Disaster management (or emergency management) is the discipline of dealing with and avoiding both natural and manmade disasters. It involves preparedness, response and recovery in order to lessen the impact of disasters. It may also involve preparedness training by private citizens, as by the Federal Emergency Management Agency (FEMA) in the United States. All aspects of disaster management deal with the processes used to protect populations or organizations from the consequences of disasters, wars and acts of terrorism. This can be seen through government publications such as the National Strategy for Homeland Security which details how individuals and varying levels of government respond during the different phases of a disaster. Disaster management does not necessarily avert or eliminate the threats themselves, although the study and prediction of the threats is an important part of the field. The basic levels of emergency management are the various kinds of search and rescue activity.
Emergency management is “the discipline and profession of applying science, technology, planning and management to deal with extreme events that can injure or kill large numbers of people, do extensive damage to property, and disrupt community life” (Drabek, 1991a, p. xvii).
In case of emergency (ICE) is a program that enables first responders, such as paramedics, firefighters, and police officers, as well as hospital personnel, to contact the next of kin of the owner of a mobile phone to obtain important medical or support information (the phone must be unlocked and working). The phone entry (or entries) should supplement or complement written (such as wallet, bracelet, or necklace) information or indicators. The programme was conceived in the mid-2000s and promoted by British paramedic Bob Brotchie in May 2005. It encourages people to enter emergency contacts in their mobile phone address book under the name "ICE". Alternatively, a person can list multiple emergency contacts as "ICE1", "ICE2", etc. The popularity of the program has spread across Europe and Australia, and it has started to grow into North America.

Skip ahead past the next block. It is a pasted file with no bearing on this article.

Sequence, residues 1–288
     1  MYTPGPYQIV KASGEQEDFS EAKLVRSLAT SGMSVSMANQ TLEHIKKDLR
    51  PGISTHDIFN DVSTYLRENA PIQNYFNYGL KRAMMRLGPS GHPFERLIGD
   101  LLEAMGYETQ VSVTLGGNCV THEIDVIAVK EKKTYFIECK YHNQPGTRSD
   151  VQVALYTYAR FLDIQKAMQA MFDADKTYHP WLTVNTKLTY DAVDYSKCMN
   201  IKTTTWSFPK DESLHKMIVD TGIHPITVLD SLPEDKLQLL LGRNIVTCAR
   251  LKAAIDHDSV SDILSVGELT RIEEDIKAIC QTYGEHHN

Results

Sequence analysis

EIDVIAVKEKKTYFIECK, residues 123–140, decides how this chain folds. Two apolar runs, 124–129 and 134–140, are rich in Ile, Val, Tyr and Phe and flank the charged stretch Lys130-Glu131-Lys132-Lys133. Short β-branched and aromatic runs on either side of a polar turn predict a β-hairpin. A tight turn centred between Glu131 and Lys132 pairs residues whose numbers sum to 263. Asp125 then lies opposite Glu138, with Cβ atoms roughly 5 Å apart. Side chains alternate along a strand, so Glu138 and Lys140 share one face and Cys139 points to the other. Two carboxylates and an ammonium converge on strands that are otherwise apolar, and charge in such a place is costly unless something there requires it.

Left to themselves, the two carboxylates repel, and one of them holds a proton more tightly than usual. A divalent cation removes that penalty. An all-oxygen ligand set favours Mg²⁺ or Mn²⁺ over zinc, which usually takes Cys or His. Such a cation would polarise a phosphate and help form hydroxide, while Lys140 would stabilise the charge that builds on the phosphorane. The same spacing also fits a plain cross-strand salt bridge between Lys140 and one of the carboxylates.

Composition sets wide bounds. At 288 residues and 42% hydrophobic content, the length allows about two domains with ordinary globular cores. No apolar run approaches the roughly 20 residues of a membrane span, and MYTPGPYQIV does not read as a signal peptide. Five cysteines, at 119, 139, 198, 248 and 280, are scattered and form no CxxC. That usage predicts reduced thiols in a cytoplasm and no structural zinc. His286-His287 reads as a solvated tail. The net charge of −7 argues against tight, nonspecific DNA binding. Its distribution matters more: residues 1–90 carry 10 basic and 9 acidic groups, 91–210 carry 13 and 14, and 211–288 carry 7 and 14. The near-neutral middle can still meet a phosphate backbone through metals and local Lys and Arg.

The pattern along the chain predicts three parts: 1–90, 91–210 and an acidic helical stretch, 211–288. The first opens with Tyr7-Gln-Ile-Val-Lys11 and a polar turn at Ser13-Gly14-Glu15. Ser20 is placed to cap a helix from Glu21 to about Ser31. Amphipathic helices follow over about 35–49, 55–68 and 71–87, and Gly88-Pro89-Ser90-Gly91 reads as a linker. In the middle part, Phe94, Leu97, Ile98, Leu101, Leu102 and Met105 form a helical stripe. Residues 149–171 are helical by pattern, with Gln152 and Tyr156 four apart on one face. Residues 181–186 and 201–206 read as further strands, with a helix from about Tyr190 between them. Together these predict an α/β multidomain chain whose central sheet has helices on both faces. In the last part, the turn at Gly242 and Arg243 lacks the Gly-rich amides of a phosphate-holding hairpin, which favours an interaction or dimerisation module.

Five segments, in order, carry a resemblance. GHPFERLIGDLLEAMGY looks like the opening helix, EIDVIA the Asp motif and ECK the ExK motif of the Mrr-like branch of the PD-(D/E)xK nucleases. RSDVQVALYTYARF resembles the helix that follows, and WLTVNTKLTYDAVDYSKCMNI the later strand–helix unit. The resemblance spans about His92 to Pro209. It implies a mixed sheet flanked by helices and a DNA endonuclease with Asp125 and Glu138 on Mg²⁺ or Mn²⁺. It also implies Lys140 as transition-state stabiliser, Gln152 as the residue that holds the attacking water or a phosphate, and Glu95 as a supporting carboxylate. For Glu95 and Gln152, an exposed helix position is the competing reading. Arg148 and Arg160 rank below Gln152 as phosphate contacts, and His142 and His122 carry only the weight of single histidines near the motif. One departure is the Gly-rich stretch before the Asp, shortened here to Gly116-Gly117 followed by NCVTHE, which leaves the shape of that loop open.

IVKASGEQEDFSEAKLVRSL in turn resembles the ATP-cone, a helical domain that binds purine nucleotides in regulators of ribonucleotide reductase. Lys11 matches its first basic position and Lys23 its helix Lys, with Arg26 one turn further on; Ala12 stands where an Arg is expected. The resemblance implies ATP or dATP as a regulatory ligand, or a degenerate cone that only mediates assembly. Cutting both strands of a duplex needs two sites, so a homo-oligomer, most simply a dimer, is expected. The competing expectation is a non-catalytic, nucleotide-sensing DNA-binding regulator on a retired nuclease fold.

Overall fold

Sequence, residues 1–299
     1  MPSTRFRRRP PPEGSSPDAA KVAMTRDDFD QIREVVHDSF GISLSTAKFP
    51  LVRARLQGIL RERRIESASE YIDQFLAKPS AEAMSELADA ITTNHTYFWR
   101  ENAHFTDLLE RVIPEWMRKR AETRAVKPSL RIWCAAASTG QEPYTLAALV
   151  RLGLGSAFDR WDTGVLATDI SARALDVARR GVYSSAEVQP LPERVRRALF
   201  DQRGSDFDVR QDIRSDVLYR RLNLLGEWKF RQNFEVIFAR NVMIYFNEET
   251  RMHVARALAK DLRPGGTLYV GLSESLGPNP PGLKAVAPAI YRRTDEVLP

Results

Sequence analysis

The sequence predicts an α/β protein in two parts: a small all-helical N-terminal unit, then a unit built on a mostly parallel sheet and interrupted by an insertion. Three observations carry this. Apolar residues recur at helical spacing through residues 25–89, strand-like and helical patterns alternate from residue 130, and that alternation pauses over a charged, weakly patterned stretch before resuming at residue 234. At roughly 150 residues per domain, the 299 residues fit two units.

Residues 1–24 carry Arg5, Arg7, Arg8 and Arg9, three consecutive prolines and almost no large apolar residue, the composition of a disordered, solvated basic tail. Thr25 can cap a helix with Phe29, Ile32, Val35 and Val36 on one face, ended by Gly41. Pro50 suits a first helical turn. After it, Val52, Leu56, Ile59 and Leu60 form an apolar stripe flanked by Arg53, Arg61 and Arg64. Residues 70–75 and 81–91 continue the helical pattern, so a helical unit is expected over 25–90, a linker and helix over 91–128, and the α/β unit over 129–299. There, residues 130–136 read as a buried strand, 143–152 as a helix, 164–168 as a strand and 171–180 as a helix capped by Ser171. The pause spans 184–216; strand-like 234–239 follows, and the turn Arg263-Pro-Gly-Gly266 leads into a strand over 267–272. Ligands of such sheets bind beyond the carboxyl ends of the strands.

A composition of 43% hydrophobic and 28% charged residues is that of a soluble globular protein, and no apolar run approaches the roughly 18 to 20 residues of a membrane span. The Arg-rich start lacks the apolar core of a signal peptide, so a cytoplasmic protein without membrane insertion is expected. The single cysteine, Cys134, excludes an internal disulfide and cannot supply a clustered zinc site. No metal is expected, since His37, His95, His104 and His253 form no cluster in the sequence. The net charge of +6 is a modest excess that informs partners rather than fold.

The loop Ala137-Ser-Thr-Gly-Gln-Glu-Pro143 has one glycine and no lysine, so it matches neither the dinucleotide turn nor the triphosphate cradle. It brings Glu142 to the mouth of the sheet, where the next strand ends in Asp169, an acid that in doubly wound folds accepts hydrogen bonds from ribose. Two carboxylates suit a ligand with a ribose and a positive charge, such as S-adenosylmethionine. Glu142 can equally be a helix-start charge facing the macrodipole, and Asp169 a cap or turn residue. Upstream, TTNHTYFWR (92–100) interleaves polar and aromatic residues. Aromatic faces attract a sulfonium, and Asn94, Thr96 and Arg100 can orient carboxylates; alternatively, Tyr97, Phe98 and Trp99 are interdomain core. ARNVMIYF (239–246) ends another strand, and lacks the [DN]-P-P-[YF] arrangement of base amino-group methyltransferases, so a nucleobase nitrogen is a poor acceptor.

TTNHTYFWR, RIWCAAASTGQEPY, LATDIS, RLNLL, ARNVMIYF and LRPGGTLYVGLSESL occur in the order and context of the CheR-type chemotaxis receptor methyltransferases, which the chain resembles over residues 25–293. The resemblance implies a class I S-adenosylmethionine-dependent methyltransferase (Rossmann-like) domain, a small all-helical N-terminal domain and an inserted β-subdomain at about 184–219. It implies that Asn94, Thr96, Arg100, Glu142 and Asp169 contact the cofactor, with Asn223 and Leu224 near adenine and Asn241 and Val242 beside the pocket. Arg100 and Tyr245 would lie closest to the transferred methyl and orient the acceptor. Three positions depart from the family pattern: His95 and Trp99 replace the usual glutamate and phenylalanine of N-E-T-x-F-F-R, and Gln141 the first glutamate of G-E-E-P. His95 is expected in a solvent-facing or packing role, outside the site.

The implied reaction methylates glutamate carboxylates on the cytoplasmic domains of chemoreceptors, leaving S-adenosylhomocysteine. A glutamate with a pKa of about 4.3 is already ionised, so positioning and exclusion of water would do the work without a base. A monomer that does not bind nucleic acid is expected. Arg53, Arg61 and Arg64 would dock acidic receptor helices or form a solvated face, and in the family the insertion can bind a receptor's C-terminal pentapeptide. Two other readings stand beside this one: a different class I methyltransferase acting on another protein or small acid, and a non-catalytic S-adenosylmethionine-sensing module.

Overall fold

A disaster is a natural or man-made (or technological) hazard resulting in an event of substantial extent causing significant physical damage or destruction, loss of life, or drastic change to the environment. A disaster can be ostensively defined as any tragic event stemming from events such as earthquakes, floods, catastrophic accidents, fires, or explosions. It is a phenomenon that can cause damage to life and property and destroy the economic, social and cultural life of people.
In contemporary academia, disasters are seen as the consequence of inappropriately managed risk. These risks are the product of a combination of both hazard/s and vulnerability. Hazards that strike in areas with low vulnerability will never become disasters, as is the case in uninhabited regions.
The term crime does not, in modern times, have any simple and universally accepted definition, but one definition is that a crime, also called an offence or a criminal offence, is an act harmful not only to some individual, but also to the community or the state (a public wrong). Such acts are forbidden and punishable by law.